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This librarian’s ‘Library Joy’ is contagious, in viral videos and real life

This librarian’s ‘Library Joy’ is contagious, in viral videos and real life
Posted at 5:30 AM, Feb 06, 2024

What pops into your mind when you think of a librarian? Perhaps it’s the stereotypical older person with a stern face who constantly shushes everyone to keep order and silence in the library.

Mychal Threets, supervising librarian at the Solano County Library in California, single-handedly turns that reputation upside down. He’s young, unabashedly excited and speaking loud and proud in his mission to spread “library joy” to the world.

His viral TikTok videos have introduced a new generation to the wonders of the library, literacy and inclusivity. Back in 2020 and 2021, Threets made viral videos about adults wanting their own Scholastic Book Fair, and he’s been on a roll ever since.

@mychal3ts #duet with @ldorzhikk #books #videogames & more FREE with your library card! #librariansoftiktok #librarytiktok #booktok #learnontiktok #learnwithme ♬ оригинальный звук – Dorzhik

Now, in addition to working full-time at the Solano County Library, Threets invests time on TikTok and Instagram (where he currently has over 650,000 followers on each account) to share everything libraries have to offer the community. He reminds viewers their local libraries have much more than books available to check out for free, and this is all part of his library joy message.

@mychal3ts You can get everything with a library card! #booktok #librariansoftiktok #librarytiktok #bookworm #videogames #manga #books ♬ пон – 🤡

So, what does Threets mean by “library joy?” In a conversation with HuffPost, the 33-year-old librarian said the concept is simple.

“What that means is just what I try to and what I hope all library workers embody,” he said. “It is [fostering that sense of] belonging,” Threets told HuffPost. “I keep on saying that the library is for everybody: library kids, library grown-ups, mentally ill, unhoused. I love telling people that they don’t have to leave their anxiety, depression or PTSD outside the library. There’s no sign that says you can’t bring your anxiety in.”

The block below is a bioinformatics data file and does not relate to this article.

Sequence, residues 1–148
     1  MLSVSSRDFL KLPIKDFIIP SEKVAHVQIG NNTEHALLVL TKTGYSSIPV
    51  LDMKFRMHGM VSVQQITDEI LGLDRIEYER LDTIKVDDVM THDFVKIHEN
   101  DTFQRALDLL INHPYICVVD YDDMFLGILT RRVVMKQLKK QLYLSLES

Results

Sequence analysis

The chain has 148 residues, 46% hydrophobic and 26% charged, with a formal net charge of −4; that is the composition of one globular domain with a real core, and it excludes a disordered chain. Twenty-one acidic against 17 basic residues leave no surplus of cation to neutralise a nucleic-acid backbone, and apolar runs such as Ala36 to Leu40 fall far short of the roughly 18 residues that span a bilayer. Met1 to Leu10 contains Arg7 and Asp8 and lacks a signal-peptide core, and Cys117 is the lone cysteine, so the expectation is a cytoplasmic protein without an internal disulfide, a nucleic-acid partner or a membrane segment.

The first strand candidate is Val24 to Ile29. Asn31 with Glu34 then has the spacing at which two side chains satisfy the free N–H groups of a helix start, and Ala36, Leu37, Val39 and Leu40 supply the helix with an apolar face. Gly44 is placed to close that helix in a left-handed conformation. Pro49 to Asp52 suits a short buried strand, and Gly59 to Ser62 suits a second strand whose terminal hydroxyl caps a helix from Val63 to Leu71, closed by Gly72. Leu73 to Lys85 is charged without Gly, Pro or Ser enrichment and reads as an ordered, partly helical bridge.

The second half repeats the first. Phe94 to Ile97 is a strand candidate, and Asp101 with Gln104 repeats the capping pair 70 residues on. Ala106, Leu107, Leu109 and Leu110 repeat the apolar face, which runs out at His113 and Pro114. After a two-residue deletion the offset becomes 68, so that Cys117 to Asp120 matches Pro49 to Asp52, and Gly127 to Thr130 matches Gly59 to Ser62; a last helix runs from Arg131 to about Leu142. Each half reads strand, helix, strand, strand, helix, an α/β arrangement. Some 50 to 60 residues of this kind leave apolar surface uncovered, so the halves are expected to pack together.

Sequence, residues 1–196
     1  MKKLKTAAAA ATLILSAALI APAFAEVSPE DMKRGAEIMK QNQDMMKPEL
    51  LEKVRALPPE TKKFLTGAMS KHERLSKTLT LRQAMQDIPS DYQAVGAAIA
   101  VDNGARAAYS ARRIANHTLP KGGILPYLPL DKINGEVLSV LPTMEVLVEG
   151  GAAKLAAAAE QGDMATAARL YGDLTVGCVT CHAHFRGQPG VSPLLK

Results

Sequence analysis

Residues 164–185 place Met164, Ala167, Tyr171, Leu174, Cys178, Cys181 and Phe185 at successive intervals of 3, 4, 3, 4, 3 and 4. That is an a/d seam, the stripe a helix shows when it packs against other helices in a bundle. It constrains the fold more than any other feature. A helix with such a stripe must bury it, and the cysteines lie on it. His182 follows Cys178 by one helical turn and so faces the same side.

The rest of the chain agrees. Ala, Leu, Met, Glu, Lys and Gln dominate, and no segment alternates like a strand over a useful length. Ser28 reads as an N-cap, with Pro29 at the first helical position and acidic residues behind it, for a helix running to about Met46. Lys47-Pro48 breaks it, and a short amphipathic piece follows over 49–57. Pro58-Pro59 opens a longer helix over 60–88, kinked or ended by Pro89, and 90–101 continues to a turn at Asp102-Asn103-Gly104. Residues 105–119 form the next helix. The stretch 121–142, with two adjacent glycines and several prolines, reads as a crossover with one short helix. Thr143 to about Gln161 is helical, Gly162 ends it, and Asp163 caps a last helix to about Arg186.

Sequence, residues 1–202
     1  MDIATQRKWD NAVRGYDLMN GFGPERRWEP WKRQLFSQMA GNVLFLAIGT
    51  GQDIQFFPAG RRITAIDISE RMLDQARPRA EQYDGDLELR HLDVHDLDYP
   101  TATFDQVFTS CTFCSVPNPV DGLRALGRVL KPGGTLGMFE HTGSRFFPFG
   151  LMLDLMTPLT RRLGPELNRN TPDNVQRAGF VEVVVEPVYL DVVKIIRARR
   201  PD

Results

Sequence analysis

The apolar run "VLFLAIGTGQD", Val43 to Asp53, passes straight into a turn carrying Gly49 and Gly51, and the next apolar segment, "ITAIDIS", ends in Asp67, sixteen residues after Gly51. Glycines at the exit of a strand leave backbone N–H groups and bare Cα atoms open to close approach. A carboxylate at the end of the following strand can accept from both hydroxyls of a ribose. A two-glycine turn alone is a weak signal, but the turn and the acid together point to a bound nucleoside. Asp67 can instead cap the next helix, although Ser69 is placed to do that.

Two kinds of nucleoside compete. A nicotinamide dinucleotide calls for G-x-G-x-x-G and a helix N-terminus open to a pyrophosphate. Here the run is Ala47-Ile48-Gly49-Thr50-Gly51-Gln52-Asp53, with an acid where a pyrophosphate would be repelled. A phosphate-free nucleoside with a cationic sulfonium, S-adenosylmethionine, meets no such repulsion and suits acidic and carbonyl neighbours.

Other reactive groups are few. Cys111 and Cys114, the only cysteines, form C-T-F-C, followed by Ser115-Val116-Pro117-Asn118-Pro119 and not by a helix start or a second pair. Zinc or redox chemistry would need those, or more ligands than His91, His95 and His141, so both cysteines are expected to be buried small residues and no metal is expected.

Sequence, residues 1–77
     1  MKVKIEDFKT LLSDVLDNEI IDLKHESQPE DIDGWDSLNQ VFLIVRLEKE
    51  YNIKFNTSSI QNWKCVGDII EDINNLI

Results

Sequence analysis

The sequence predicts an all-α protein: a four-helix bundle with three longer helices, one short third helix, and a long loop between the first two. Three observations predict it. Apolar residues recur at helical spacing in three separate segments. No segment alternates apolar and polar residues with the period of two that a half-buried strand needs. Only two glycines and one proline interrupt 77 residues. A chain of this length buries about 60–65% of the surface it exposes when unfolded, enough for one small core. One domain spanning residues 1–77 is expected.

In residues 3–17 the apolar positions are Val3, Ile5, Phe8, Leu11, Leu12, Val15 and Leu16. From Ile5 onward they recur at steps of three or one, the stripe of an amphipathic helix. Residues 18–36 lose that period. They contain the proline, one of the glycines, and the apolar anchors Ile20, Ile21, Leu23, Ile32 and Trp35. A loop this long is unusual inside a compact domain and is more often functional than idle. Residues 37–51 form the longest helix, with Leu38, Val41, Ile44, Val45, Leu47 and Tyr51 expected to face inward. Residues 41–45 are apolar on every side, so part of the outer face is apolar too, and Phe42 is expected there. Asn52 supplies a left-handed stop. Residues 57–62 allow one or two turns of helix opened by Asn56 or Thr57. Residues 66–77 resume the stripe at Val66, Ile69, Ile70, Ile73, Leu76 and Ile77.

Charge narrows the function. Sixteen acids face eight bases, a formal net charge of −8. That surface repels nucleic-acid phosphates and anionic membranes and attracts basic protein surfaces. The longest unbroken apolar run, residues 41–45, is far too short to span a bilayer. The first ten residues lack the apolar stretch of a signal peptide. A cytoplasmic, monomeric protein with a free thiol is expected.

In a Sept. 2023 video, Threets shared an encounter he had with an unhoused person in the library who told him that the positive interactions he experienced with library staff made him feel welcome. Threets described this as “the power of the library.”

“A couple of days before this, they wanted to unalive themselves, they didn’t think anybody cared,” Threets shared in his TikTok video. “They came back to the library just for somewhere to sit and they said that I always say hi to them, [and that] my library people also always say hi to them.”

@mychal3ts The library is where you belong, where you’ll ALWAYS belong 💚✨ #booktok #librarytiktok #storytime ♬ original sound – mychal

Threets has shared on his social media platform that he struggles with anxiety issues like many of the people he encounters in his library and around his community.

He posts mental health checks on TikTok and Instagram, including his not-so-good days. Threets believes transparency unites people and helps them understand we are not alone in our struggles.

To encourage others to learn more about mental health, Threets helped to install mental health kiosks in his library and in other library branches to connect patrons with mental health services in the area.

MORE: 6 easy (and totally legal) ways to read books online for free

In addition to his social media recognition, Threets grabbed the attention of several prestigious organizations. In the past year, his colleagues nominated him for an American Library Association Award, and he was named one of 10 winners of the I Love My Librarian Award, which recognizes the accomplishments of exceptional librarians who, “have gone above and beyond in their commitment to inclusivity, literacy and digital access.”

For Threets, it’s not about the accolades and popularity. It’s about the people who serve at the library and what the library has to offer everyone.

“Mychal doesn’t just talk about himself,” Jamie Nakamura, a former librarian at Solano County told The New York Times. “He talks about his peers and how great they are and how much they want you in the library.”

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